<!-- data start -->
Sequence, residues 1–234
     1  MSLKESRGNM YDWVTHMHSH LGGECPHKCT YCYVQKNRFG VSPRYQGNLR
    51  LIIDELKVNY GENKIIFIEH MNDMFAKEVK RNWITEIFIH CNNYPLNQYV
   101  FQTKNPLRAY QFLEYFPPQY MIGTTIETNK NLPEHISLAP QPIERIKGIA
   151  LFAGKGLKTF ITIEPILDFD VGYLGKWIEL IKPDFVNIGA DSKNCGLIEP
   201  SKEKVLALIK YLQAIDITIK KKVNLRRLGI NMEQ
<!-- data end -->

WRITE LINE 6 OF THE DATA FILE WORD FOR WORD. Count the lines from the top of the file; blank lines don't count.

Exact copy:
   201  SKEKVLALIK YLQAIDITIK KKVNLRRLGI NMEQ